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Six simple, helpful retail customer service tips

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Many years ago we started out working mostly with folks who serviced customers by phone but, fast forwarding...any way you communicate with a customer is likely ripe for improvement.

This time, I'm addressing this column to retail folks. Please don't turn your hearing aids off on these tips just quite yet. As you'll see, many can be used for all touch points with customers. And sadly, all of these tips are from something that happened to me personally in the past few weeks. I don't make these up—I save them up.

Please, no gum—I walked into a retail store to buy a TV. There were three salespeople waiting to help me. Two were chomping open mouth on their gum. One was not. Guess which one I asked to help me?

Right, the one who didn't look like a cow having dinner. Hey, I'm not alone. Most people don't want a salesperson chewing gum open mouthed while they are helped. (If you're worried about bad breath, mints are just fine.)

Maintain eye contact—In yet another store a while back, the head of the lady who helped me seemed to be on a spindle. She looked around everywhere but at me. That's a no-no. If you're not making eye contact with the customer, it appears as though you're not interested. You don't need to stare into their eyes all the time—that would be weird. However, maintaining some sort of eye contact with them every so often is a very good idea and will help the potential sale along.

Don't point, go show—Whole Foods Market does it right. No matter whom you ask about a product, that person will walk with you to find it. And on the way they will make some sort of rapport-building conversation. It could be about the item you're looking for or it might be about the great weather we're having. Thank you, Whole Foods. You “get it.”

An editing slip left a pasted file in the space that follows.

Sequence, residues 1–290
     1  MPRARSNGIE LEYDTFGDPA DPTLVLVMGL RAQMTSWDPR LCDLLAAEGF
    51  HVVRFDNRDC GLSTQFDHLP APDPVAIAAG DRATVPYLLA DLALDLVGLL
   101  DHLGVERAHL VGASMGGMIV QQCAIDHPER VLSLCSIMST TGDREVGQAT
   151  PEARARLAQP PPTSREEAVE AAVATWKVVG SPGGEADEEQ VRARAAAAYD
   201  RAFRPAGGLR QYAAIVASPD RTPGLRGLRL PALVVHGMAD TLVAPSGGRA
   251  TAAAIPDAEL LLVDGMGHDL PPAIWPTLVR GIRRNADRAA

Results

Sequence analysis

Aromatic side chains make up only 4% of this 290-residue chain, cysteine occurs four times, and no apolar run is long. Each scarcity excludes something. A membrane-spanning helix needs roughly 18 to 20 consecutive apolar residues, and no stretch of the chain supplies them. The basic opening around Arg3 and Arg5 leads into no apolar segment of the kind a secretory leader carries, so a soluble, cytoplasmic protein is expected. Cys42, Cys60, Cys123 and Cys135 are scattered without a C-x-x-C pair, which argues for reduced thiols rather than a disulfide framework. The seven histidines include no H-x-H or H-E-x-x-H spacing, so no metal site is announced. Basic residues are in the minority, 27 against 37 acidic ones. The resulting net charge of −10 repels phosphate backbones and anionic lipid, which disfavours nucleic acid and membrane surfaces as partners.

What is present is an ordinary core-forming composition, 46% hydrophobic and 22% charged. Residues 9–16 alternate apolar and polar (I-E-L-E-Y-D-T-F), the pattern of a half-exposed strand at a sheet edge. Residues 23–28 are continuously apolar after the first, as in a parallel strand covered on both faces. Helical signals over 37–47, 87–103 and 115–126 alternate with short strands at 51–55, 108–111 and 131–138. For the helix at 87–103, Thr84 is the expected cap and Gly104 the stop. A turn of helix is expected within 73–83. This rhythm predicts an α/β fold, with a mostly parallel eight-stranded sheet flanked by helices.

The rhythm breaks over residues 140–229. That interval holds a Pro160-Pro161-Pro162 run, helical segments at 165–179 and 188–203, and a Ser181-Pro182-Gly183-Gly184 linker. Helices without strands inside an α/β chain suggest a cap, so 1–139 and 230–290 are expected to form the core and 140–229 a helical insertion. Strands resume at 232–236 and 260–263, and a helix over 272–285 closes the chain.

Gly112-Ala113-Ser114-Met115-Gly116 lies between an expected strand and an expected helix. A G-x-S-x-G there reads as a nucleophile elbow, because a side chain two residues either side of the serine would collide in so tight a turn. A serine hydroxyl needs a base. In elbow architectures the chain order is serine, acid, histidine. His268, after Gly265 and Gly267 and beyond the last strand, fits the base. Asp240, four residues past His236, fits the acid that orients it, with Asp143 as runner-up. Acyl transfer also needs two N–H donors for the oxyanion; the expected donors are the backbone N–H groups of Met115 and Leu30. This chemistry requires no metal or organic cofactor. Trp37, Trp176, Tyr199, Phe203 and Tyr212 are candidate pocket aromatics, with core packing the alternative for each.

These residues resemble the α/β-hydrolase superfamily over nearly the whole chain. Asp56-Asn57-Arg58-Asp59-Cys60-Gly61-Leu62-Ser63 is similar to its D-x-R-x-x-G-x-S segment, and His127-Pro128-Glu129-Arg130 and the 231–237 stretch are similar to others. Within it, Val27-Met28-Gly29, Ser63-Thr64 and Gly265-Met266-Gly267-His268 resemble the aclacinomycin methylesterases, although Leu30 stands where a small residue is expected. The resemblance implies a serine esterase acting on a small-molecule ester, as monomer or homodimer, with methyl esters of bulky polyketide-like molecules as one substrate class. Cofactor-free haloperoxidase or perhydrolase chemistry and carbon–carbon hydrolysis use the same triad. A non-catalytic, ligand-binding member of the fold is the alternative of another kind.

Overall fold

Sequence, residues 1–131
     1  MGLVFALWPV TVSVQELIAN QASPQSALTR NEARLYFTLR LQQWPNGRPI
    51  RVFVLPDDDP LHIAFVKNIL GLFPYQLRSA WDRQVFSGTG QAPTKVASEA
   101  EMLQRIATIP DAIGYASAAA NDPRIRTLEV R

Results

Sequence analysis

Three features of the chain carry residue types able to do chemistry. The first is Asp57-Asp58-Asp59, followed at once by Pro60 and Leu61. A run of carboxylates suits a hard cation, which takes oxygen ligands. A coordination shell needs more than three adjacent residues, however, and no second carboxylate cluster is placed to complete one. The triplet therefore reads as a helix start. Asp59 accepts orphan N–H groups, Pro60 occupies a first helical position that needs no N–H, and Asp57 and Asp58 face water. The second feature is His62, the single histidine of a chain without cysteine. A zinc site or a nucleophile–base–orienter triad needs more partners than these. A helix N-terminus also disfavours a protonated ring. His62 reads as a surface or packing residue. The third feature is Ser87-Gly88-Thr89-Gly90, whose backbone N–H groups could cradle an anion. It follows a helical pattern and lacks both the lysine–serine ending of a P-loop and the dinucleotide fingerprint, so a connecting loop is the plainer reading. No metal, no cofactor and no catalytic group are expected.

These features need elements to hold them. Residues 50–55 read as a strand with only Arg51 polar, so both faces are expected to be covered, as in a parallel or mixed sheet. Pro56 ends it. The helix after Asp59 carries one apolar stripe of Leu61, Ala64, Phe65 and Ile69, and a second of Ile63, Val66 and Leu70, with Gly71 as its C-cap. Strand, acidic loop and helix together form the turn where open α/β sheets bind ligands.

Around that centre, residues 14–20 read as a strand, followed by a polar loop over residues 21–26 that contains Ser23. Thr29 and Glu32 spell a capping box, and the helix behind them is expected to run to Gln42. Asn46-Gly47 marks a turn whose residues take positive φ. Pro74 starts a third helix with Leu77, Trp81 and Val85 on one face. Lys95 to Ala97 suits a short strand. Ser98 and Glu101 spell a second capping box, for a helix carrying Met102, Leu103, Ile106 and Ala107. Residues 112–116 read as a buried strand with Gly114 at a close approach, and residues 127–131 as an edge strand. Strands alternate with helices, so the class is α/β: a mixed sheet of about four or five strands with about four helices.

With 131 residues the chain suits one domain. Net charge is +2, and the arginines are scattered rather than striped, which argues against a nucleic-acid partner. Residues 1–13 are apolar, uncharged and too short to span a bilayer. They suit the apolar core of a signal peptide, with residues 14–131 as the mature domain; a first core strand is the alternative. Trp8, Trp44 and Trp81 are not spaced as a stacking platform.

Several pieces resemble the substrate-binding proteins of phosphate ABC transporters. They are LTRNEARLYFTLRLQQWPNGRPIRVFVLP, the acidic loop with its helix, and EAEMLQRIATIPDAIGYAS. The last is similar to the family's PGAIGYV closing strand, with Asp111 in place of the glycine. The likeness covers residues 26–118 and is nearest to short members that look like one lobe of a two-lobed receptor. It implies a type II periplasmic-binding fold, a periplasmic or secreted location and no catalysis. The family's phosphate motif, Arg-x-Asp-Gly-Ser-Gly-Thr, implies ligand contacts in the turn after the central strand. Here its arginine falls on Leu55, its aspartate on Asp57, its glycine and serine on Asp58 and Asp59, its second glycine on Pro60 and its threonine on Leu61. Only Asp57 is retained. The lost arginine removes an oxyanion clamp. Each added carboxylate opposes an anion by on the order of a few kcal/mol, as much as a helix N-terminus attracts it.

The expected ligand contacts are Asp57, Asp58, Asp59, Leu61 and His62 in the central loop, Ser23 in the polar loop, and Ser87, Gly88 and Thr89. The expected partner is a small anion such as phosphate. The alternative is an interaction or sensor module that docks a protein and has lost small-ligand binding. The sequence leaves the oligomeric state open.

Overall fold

“Can I help you?” is mediocre—When someone comes into your retail establishment, rather than asking him/her, “Can I help you?”—to which 80-percent of the time the answer is, “No thanks, I'm just looking”—be proactive. Try something like: “We're glad you're here. My name is Nancy. Please ask for me when you're ready, and if that's now, let me know.”

You must use something that says, “We're not average, we're special.”

Compliment the customer's purchase—If you're with the customer at the close of the purchase, it's nice to say something positive about what he or she has bought. Doesn't matter if it's a new hammer, a new dress or a brake job. There's always something we can say that will make customers feel as though they made the right purchase.

If you have a “fact” about the product that helps and can cement the purchase even further, share it.

Don't deny your customer the choice—Whether you're in a large retail chain or a small boutique type store, not offering or suggesting what can help the customer is a big mistake.

If someone has chosen an item and you know of something else that would complement it or be helpful to the purchase, it's your duty to mention it. Trust me: This is not being pushy. This is simply being helpful.

You, in all probability, know the stock and product pretty well. If someone purchases a Widget and you know that there's a Widget organizer, it's the right thing to mention it to the customer as you're closing out the purchase. Try it. It's a great feeling when the customer says, “Yeah, I'd like that. Thanks!”

This list could go on and on, of course. However, if you can master most of these six points, you'll see a remarkable difference in how customers react to you and to your establishment.



Nancy Friedman's Op-Ed columns appear periodically in Tire Business. She is president of Telephone Doctor Inc., an international customer service training company based in St. Louis. She can be reached via email at nancyf@telephonedoctor.com.
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Previous | Published December 6, 2018

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